All for Me

Any author writing a novel or a memoir in the I-voice can expect to write a lot of first-person pronouns. The usage is increased when writing in a colloquial style, since the author issues opinions, feelings, and the like as a way to include the reader in the storytelling. Like any other element in prose, however, reader fatigue can set in when I or me appears too often. How can you limit the frequency so that the first-person commentary stays fresh and effective?

A first pointer is eliminating mentions that come naturally when spoken. In prose the I-voice approach renders them gratuitous. If you use the common phrase “It seemed to me,” you have to stop and think. The whole book is according to your standpoint, so why use “to me”? One of the advantages of writing is that you can trim the often flabby realm of speech to greater concision. Look for all of the “to me” and “for me” expressions, and delete three-quarters of them.

Second, and along the same lines, look for expressions like “I saw” and “I thought.” Take for example: “I saw him duck his head inside the fancy Lincoln Town Car.” If you are present on the scene, the reader assumes that everything is being told from your purview. Just tell what happened without mentioning your eyes. The phrase “I thought” has more merit, because sometimes delivering a clear opinion helps the reader feel the emotion more strongly. Yet most of the time the same rule applies: aren’t you delivering your pronouncements on all of the proceedings? Again, a global search can delete three-quarters of them.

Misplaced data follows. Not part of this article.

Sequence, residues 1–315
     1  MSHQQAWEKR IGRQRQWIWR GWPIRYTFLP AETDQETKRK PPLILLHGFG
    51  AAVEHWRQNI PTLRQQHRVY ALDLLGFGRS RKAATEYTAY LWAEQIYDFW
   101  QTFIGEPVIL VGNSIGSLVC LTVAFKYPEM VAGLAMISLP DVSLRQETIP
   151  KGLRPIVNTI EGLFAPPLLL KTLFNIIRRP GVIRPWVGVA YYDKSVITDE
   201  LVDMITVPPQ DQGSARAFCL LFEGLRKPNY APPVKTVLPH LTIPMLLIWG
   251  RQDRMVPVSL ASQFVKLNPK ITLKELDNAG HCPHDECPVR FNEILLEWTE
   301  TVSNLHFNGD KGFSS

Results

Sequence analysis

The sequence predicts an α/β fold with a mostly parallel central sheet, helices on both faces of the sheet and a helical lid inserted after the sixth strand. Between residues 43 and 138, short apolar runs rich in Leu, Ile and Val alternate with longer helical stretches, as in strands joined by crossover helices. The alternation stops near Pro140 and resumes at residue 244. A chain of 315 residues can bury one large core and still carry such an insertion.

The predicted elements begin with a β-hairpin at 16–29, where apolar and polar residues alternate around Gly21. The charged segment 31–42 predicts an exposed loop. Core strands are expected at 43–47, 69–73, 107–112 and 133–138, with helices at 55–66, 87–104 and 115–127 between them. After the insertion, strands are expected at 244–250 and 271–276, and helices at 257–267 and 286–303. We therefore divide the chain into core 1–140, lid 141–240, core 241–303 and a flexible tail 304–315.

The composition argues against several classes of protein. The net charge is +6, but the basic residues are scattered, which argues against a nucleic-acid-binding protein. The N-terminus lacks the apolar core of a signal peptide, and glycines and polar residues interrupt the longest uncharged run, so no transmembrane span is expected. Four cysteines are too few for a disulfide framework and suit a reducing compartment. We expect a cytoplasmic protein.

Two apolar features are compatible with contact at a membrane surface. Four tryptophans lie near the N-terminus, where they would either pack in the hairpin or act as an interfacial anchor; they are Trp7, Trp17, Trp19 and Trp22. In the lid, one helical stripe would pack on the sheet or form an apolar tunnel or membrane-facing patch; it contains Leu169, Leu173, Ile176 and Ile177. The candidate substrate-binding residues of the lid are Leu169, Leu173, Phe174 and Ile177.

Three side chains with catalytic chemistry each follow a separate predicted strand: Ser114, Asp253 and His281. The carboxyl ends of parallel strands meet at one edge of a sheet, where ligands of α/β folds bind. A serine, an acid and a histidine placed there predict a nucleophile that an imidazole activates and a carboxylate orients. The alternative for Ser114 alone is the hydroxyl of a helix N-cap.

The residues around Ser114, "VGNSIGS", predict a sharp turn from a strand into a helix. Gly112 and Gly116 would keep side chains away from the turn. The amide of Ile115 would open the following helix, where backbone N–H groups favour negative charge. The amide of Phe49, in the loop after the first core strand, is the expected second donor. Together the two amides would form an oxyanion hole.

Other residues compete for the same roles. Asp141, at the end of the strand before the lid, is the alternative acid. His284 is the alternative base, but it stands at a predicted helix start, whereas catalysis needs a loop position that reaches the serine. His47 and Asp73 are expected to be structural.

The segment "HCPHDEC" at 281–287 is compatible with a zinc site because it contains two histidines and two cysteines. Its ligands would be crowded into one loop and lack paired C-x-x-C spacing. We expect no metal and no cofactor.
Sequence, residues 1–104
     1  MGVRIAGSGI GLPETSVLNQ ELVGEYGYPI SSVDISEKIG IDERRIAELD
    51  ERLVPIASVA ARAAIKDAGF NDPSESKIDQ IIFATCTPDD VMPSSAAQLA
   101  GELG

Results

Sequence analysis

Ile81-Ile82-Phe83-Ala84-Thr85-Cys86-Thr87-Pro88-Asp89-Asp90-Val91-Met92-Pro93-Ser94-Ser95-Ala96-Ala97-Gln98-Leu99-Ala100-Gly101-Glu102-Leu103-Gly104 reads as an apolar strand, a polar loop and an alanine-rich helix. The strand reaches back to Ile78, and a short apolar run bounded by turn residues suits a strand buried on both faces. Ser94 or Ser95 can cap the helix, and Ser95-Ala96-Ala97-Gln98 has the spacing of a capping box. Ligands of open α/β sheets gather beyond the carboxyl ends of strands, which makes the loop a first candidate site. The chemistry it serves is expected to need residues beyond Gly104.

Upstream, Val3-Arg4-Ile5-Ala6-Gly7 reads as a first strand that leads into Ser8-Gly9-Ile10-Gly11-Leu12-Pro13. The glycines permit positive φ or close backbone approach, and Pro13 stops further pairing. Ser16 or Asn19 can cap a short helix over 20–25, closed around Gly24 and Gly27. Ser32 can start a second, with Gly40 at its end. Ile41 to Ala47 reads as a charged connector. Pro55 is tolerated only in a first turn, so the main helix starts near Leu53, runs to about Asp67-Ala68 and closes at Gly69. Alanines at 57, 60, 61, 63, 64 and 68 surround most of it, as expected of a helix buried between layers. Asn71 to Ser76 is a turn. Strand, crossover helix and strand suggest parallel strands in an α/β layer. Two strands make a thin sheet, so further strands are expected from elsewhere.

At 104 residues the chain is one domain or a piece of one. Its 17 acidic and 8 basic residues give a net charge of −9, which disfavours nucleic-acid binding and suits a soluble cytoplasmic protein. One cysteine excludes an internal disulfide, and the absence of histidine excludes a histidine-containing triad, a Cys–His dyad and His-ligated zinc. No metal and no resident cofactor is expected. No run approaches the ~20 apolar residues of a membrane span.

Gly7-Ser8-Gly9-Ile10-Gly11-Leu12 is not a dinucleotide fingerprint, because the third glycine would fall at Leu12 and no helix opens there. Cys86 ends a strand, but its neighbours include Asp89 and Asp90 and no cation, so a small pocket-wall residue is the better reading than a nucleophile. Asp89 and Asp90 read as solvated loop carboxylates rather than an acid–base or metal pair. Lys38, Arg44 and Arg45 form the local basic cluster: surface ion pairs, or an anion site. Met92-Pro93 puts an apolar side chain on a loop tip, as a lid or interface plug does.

A third area consists of obvious opinions. These occur most often during passages featuring dialogue. If you have already established a viewpoint—say, your opposition to guns—you don’t need to tell us every time what you think when a hunter is speaking to you. Many times, in fact, you’re better off letting the statement hang by itself, since the reader is then given the chance to guess what you might think. Establishing viewpoints is a cumulative process, so the deletions of such comments occur more often later in the book.

Exercise: You should look for passive sentence construction, especially things happening “to me.” There is a greater chance that a self-reference will occur when a sentence begins with “There is” or “It is.” That’s because you have no subject that controls the sentence. Compare “It was useless trying to win this war of words with me” to “He was wasting his time trying to win this war of words.”

“Nothing in the world is more distasteful to a man than to take the path that leads to himself.”
—Herman Hesse

Copyright @ 2018, John Paine

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Copyright © 2012 John Paine. All rights reserved.